Your Date is Here - Boardgame

Saturday Frights: Your Date Is Here (2017)

Hey there, Fright Fans! It has been quite some time since we’ve shared with you a new Saturday Frights. Not the podcast of course, I mean the best retro horror related or at least retro themed shorts and TV shows. Which is in fact exactly why we are sharing Your Date is Here, it’s not only an enjoyable short film but does have a retro connection. In this case that is Milton Bradley’s 1965 Mystery Date!

[Via] Lucy Huto

We have Zachary Paul from over at the Bloody Disgusting site, to thank for the heads up on the short film. Your Date is Here is a prime example why short films work so well. Much like why I have always loved the short stories of Stephen King and Richard Matheson. Horror or thrillers, sometimes can be the most enjoyable when it is simplest. Deliver enough story for a setup and then drop the scare.

Although if I am behind totally honest, Your Date is Here isn’t all that scary. Not that is makes it any less enjoyable of course. I found myself with a pretty big grin on my face throughout it’s almost 6 and a 1/2 minute run. The short delivers in spades with atmosphere, moreover a creeping unease that begins to permeate the story.
Your Date is here - No Eyes

What of that story? A Mother and her Daughter decide to play a board game one evening. To help pass the time while they wait for the pizza delivery man to arrive. The young girl takes an old game off a shelf called ‘Your Date is Here’. It doesn’t take long however before some odds things occur while playing the game…as well as the Mother noticing disturbing artwork in the game itself.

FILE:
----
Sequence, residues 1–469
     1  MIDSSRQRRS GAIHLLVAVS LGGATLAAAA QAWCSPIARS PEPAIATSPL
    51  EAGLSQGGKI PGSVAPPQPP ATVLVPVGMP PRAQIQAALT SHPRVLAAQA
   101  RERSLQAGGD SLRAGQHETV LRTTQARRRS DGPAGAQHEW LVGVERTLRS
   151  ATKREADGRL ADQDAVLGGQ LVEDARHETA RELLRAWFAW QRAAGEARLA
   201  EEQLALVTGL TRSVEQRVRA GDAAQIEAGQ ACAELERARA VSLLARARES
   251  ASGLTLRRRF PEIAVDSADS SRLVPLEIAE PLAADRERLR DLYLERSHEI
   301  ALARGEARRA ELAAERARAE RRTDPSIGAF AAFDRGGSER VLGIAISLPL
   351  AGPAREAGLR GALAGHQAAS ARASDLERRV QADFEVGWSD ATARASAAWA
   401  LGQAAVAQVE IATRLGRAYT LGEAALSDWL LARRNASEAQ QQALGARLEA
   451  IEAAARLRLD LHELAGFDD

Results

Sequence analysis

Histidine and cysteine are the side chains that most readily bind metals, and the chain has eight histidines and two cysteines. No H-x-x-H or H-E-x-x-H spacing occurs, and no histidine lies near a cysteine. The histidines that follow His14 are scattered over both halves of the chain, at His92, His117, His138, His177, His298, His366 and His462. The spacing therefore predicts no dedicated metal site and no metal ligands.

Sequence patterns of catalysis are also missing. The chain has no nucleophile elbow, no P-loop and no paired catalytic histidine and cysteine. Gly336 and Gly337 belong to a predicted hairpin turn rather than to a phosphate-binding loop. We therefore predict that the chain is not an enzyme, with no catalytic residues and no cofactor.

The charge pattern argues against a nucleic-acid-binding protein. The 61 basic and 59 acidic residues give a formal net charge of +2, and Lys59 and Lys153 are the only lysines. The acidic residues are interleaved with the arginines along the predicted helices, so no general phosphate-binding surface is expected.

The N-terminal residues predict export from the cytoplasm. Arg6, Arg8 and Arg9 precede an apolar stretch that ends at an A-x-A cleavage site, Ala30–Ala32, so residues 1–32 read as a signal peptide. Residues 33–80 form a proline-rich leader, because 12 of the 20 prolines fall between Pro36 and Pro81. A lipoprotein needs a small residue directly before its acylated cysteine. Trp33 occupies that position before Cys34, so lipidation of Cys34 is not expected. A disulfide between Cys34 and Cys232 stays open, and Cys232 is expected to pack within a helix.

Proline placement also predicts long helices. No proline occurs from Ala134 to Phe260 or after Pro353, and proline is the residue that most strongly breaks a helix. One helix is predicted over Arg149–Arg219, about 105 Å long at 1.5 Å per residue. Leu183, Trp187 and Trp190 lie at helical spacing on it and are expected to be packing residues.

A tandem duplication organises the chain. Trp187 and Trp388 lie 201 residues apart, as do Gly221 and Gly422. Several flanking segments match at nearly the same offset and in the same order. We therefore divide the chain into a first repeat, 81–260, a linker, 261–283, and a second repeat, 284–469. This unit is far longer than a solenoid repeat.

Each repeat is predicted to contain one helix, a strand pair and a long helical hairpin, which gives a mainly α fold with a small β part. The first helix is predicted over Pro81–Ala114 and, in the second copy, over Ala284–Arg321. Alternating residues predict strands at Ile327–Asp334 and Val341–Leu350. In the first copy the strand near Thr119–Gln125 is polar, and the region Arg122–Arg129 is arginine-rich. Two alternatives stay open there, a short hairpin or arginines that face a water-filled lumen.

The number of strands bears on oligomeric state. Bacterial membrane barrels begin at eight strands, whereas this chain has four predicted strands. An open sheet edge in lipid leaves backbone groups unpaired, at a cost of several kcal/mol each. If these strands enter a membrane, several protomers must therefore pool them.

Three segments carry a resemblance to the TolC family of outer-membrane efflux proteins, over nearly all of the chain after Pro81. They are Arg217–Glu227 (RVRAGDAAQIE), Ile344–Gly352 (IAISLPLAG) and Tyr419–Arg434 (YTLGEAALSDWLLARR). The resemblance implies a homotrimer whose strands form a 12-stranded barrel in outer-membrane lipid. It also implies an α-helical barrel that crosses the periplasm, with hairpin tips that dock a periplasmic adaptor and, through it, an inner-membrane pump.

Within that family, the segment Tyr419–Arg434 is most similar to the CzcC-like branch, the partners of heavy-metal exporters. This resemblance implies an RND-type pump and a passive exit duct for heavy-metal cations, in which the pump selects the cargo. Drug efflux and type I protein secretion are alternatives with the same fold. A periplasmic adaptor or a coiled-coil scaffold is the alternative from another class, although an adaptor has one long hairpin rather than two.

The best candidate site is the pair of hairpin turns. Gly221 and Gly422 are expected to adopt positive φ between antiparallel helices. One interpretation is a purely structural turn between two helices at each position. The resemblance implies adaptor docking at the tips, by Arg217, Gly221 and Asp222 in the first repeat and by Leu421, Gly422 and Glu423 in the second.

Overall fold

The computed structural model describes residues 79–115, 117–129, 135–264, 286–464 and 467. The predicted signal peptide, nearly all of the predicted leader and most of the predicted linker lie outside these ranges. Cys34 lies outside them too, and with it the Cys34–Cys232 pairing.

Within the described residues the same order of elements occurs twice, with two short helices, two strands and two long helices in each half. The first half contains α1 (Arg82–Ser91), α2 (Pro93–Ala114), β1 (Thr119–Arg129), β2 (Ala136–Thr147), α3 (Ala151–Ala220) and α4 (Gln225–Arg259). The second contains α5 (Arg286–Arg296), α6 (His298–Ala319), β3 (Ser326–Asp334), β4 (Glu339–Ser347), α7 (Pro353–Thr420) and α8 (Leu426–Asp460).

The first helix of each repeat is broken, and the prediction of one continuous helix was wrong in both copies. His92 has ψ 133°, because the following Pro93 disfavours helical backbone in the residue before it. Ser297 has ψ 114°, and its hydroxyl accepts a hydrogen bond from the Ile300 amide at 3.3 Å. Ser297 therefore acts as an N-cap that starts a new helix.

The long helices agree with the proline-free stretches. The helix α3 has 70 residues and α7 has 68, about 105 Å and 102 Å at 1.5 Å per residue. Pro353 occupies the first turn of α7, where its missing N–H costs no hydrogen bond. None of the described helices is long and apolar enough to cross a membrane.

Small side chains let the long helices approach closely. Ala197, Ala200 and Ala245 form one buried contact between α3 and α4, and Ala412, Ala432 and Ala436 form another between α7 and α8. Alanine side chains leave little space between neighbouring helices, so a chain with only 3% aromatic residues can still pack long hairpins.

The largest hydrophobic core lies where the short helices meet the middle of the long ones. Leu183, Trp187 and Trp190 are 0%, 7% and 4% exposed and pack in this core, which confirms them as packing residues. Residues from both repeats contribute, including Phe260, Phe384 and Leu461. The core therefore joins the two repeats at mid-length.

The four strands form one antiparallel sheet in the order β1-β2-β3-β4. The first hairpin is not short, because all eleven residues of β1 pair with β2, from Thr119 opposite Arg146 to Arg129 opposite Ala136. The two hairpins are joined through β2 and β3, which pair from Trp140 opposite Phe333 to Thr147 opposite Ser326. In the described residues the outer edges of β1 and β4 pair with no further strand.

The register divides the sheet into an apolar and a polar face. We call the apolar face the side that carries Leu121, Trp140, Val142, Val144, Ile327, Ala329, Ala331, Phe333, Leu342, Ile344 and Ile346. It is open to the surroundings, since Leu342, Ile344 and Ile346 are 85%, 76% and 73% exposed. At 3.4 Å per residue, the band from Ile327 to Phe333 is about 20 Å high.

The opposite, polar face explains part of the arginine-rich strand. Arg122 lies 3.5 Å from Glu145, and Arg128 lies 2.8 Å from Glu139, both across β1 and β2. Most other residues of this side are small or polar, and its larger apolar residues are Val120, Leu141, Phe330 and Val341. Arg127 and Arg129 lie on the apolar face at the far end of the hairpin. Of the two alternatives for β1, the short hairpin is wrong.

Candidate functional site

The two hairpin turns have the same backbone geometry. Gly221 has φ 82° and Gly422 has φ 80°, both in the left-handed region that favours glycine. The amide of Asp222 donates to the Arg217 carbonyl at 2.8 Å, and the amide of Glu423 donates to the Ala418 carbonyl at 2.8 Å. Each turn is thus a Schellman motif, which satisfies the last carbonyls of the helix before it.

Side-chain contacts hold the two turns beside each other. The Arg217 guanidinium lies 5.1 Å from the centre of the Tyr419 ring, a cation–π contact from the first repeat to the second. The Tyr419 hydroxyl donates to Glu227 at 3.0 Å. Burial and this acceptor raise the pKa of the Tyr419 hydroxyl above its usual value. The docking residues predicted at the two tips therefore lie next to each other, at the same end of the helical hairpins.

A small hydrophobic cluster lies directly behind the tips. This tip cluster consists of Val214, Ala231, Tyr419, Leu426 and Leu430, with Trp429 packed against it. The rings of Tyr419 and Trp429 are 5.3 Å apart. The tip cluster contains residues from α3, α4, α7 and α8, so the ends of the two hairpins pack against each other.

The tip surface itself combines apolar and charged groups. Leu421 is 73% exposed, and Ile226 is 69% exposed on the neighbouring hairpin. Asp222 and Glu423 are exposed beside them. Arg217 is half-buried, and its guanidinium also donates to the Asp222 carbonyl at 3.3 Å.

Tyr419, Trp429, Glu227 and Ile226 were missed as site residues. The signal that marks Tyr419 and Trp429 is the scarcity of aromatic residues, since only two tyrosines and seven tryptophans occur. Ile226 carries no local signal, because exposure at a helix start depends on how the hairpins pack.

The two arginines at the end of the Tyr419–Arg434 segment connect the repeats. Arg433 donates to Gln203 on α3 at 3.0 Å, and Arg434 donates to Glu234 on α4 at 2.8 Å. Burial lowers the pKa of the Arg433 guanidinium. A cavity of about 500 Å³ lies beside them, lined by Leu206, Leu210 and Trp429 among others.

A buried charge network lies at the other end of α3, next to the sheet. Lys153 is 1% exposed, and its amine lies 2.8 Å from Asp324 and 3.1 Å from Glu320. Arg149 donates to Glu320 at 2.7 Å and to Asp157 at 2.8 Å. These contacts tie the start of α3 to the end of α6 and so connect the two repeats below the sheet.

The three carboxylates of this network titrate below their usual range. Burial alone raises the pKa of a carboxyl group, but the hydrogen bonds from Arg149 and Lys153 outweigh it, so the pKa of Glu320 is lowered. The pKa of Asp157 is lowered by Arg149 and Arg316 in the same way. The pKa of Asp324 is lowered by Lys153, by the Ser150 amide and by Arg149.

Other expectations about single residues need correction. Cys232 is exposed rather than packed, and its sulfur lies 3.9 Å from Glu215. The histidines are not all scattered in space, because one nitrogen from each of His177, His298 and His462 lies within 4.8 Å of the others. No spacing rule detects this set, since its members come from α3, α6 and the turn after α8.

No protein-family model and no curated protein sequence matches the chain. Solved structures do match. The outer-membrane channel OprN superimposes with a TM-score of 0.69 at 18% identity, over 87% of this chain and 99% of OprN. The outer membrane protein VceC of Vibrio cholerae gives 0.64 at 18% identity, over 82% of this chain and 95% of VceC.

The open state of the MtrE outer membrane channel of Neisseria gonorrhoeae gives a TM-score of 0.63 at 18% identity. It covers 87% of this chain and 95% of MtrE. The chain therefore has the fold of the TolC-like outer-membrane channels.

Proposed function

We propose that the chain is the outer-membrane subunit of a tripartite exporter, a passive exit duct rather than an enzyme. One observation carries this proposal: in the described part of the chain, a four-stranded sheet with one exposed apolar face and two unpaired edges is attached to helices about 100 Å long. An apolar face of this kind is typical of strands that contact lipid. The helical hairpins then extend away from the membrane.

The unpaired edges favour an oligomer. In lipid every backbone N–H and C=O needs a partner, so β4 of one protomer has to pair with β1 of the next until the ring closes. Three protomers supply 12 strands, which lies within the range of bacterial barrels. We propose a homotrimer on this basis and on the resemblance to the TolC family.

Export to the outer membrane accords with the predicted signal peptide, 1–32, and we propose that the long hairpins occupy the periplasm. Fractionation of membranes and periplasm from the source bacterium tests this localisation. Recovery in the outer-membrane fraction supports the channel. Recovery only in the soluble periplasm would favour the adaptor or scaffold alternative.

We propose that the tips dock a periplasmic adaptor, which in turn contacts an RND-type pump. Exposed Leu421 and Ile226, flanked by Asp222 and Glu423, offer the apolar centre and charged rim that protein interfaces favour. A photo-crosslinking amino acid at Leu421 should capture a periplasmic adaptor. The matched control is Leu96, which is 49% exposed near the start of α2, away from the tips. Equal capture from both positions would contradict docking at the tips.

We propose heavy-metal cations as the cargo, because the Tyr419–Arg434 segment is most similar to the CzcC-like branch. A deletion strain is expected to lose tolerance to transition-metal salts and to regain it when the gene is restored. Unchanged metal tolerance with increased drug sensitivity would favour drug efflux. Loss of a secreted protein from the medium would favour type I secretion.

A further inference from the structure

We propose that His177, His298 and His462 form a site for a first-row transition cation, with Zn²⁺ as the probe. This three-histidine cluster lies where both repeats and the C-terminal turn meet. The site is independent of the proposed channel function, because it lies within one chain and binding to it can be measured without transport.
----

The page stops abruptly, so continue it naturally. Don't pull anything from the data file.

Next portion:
Your Date is Here - Date Card

Filmmakers Zak White as well as Todd Spence took an actual Mystery Date board game and altered it to their needs. Adding in all the creepy touches that makes the short so enjoyable. After watching Your Date is Here, make sure to hop on over to Bloody Disgusting, Zachary has an interview with Zak and Todd.

Now, dim the lights down, lean in closer to your monitor and enjoy Your Date is Here!

[Via] Midnight Video

Keeping Up with the Joneses – Women’s and Men’s Style

These two samples are from a series begun in September 1915 based on the Keeping Up with the Joneses newspaper comic by “Pop” Momand. The films begin with “out of the inkwell” drawings of the sort seen in Winsor McCay films and later elaborated by Max Fleischer. Like other comic strips and animated films of the era, notably Bringing Up Father (published from 1912; filmed 1916-18), Keeping Up with the Joneses features a husband oppressed by a wifes obsession with high society and consumer fashion. The series ended abruptly in February 1916 after its animator, Harry S. Palmer, lost a patent infringement suit brought by John Randolph Bray over the use of transparent celluloid sheets.

Cartoons! ..That never made it.

I am considering doing a regular series about pilot episodes of shows that never got picked up, and perhaps pilot episodes of shows we are familiar with, but wherein the pilot differed greatly from the resulting show. This concept of course brought to mind the old interstitial shorts on Cartoon Network (back when CN was still good) “Cartoons That Never Made It”, with the obvious difference being that the “Cartoons That Never Made It” “pilots” were never intended to be anything more than a joke. The “Salt & Slug” song and the “Heidi & the Yodellers” one still stick in my head to this very day.